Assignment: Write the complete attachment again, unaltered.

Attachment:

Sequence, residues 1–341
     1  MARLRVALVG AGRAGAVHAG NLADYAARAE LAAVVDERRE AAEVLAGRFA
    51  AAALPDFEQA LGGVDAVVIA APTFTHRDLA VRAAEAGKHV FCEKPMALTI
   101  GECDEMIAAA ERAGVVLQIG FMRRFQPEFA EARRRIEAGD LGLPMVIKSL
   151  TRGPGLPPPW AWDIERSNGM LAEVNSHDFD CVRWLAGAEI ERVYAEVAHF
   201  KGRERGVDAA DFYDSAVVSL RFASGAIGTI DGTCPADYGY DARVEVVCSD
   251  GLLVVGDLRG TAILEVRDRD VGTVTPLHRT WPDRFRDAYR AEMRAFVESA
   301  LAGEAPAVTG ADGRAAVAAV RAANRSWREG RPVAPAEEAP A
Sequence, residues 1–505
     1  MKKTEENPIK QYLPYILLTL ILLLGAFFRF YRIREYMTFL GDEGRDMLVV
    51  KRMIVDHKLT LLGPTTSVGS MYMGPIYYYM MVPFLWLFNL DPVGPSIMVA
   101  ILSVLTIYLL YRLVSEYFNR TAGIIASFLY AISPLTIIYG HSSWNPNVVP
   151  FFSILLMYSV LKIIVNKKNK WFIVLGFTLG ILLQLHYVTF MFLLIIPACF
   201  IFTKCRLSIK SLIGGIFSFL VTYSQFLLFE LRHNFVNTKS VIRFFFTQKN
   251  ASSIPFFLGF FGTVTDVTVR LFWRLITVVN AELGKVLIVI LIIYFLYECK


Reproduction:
Sequence, residues 1–341
     1  MARLRVALVG AGRAGAVHAG NLADYAARAE LAAVVDERRE AAEVLAGRFA
    51  AAALPDFEQA LGGVDAVVIA APTFTHRDLA VRAAEAGKHV FCEKPMALTI
   101  GECDEMIAAA ERAGVVLQIG FMRRFQPEFA EARRRIEAGD LGLPMVIKSL
   151  TRGPGLPPPW AWDIERSNGM LAEVNSHDFD CVRWLAGAEI ERVYAEVAHF
   201  KGRERGVDAA DFYDSAVVSL RFASGAIGTI DGTCPADYGY DARVEVVCSD
   251  GLLVVGDLRG TAILEVRDRD VGTVTPLHRT WPDRFRDAYR AEMRAFVESA
   301  LAGEAPAVTG ADGRAAVAAV RAANRSWREG RPVAPAEEAP A
Sequence, residues 1–505
     1  MKKTEENPIK QYLPYILLTL ILLLGAFFRF YRIREYMTFL GDEGRDMLVV
    51  KRMIVDHKLT LLGPTTSVGS MYMGPIYYYM MVPFLWLFNL DPVGPSIMVA
   101  ILSVLTIYLL YRLVSEYFNR TAGIIASFLY AISPLTIIYG HSSWNPNVVP
   151  FFSILLMYSV LKIIVNKKNK WFIVLGFTLG ILLQLHYVTF MFLLIIPACF
   201  IFTKCRLSIK SLIGGIFSFL VTYSQFLLFE LRHNFVNTKS VIRFFFTQKN
   251  ASSIPFFLGF FGTVTDVTVR LFWRLITVVN AELGKVLIVI LIIYFLYECK